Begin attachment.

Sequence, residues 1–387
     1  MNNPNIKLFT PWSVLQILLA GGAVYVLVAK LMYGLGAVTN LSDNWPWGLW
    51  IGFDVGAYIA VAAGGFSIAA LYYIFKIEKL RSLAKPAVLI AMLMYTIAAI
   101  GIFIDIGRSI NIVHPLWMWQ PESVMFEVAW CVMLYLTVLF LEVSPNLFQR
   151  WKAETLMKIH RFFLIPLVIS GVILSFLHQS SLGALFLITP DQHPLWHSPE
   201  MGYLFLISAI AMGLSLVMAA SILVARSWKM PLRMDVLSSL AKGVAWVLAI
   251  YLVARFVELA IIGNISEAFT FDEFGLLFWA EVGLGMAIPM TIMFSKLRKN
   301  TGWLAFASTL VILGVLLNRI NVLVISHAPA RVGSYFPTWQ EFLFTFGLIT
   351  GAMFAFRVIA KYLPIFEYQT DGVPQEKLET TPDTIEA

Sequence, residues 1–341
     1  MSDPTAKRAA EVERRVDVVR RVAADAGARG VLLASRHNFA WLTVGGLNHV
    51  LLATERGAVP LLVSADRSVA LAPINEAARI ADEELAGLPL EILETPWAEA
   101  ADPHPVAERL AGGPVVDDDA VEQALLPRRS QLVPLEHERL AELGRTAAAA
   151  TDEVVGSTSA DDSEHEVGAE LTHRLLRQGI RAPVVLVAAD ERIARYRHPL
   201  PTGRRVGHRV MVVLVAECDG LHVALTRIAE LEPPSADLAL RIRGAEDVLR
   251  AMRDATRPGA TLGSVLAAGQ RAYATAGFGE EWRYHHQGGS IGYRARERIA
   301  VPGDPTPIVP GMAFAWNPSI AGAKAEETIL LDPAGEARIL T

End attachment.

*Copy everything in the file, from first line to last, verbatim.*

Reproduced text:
Sequence, residues 1–387
     1  MNNPNIKLFT PWSVLQILLA GGAVYVLVAK LMYGLGAVTN LSDNWPWGLW
    51  IGFDVGAYIA VAAGGFSIAA LYYIFKIEKL RSLAKPAVLI AMLMYTIAAI
   101  GIFIDIGRSI NIVHPLWMWQ PESVMFEVAW CVMLYLTVLF LEVSPNLFQR
   151  WKAETLMKIH RFFLIPLVIS GVILSFLHQS SLGALFLITP DQHPLWHSPE
   201  MGYLFLISAI AMGLSLVMAA SILVARSWKM PLRMDVLSSL AKGVAWVLAI
   251  YLVARFVELA IIGNISEAFT FDEFGLLFWA EVGLGMAIPM TIMFSKLRKN
   301  TGWLAFASTL VILGVLLNRI NVLVISHAPA RVGSYFPTWQ EFLFTFGLIT
   351  GAMFAFRVIA KYLPIFEYQT DGVPQEKLET TPDTIEA

Sequence, residues 1–341
     1  MSDPTAKRAA EVERRVDVVR RVAADAGARG VLLASRHNFA WLTVGGLNHV
    51  LLATERGAVP LLVSADRSVA LAPINEAARI ADEELAGLPL EILETPWAEA
   101  ADPHPVAERL AGGPVVDDDA VEQALLPRRS QLVPLEHERL AELGRTAAAA
   151  TDEVVGSTSA DDSEHEVGAE LTHRLLRQGI RAPVVLVAAD ERIARYRHPL
   201  PTGRRVGHRV MVVLVAECDG LHVALTRIAE LEPPSADLAL RIRGAEDVLR
   251  AMRDATRPGA TLGSVLAAGQ RAYATAGFGE EWRYHHQGGS IGYRARERIA
   301  VPGDPTPIVP GMAFAWNPSI AGAKAEETIL LDPAGEARIL T